Justified: "Cut Ties"


    Photo courtesy of FX.

    This week's fairly reserved Justified was a little unsure of its focus at times. Is this the episode where Raylan bonds with Assistant Director Goodall? Where he accepts that he's a changed man now that he has a child on the way? Or was this the episode where Boyd would finally take care of poor Dickey for good? There were a few plot revelations, namely introducing Mykelti Williams as Limehouse and setting up his impending showdown with Boyd. However, "Cut Ties" did seem sure of one thing – in Harlan, torture gets the job done.

    It's nothing new for Justified to touch on. Raylan's loose-cannon modern cowboy act lends itself to such questions of integrity, and to dwell on it would normally be too far gone from the episode's point. But over and over characters good and bad took the "Old Testament" route, as Art called it. And tonight, Justified did a magnificent job of presenting its range and complexity.

    First and foremost, this was an Art episode. Chief was finally given a little time away from his desk to let loose his tendencies toward Raylan's style of police work. He swiftly busts the pesky Mr. Poe, a Witness Protection member, for the murder of an officer Bill Nichols. That's where the real fun begins. Art wraps a towel around his fist, lamenting that nobody really has phone books anymore. Even while blowing off some steam, Art remains true to his crotchety old-man attitude. He beats Poe and the chair he's tied down to back onto the floor and picks him right up again. Eventually, Poe confesses to giving up a fellow Witness Protection member. Rachel, who's keeping an eye on the woman he gave up, finds out just as a car pulls up to the house. With Art and Raylan charging behind them, the two intruders were no match. Rachel got her second kill and Art brought his badass act to a close.

    Meanwhile behind bars, Boyd was in his element. In his first scene, he stands alone in the cafeteria and makes his way toward Dickie without a word, shiv in hand. Given the eerie silence and his cold, calculated steps, I almost thought Boyd was giving Dickie the "Boxcutter" treatment à la Breaking Bad's Gus Fring. Instead he’s called off to talk to Raylan at the last second. Raylan knows why Boyd wanted to land in jail, and ironically, he manages to force him out into the free world the next day. Boyd knew he had to act quickly. Shrewdly (and with none other than Dewey's help), he cut a deal with a guard. In a surprisingly funny vignette, he lands himself in solitary. There, he finally scored some alone time with Dickie.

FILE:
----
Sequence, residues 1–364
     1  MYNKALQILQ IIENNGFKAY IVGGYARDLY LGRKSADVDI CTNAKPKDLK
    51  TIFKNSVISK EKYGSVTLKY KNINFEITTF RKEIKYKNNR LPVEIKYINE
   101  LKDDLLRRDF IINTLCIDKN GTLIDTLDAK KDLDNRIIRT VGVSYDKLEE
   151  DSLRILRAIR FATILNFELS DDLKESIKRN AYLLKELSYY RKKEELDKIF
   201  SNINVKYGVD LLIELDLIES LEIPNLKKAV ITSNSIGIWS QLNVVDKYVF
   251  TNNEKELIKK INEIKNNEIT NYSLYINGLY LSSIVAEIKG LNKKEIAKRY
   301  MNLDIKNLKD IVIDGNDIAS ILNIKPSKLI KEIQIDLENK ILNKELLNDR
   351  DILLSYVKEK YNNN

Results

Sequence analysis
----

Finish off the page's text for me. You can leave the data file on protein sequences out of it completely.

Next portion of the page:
Dickie rightly thinks Boyd is just out for his revenge kill, and by the shiv on his neck as Boyd held him up, Jeremy Davies could have easily been given an early exit. But ever the thinking man, Boyd really just wants to know where old Mags' money was. He draws a little blood and a big confession.

    The "but," as Ava calls it, is that the money is guarded by one of season two's big impending players. In the final scene, we meet guest star Mykelti Williamson's Limehouse, who threatens a lackey with lye torture. He gets his point across with pleasure.

    What do we have in the end? A few more characters thrown into the mix, though Williamson was only given one scene. Raylan wasn't a big factor tonight, and maybe that's why it didn't seem to have too much bite to it. It will be interesting to see how his concerns over fatherhood develop over the season, and what happens to the vague residual tension with Goodall that was hinted at. But the episode's clearest theme was torture: Poe to Nichols, Art to Poe, Boyd to Dickie, and Limehouse to his goons. It was as much useful and enjoyable at times as it was despicable and pointless, all in one hour of television. Interestingly, Raylan the loose cannon seems to be the only one who wasn't in on the action this episode. Is he, as Goodall supposed, a "changed man?" How will he respond to the action as it develops? Either way, you have to like what's cooking: Boyd is set for a showdown with Limehouse. We haven't seen the last of Robert Quarles. What's a modern-day Wyatt Earp to do? His hands are tied.


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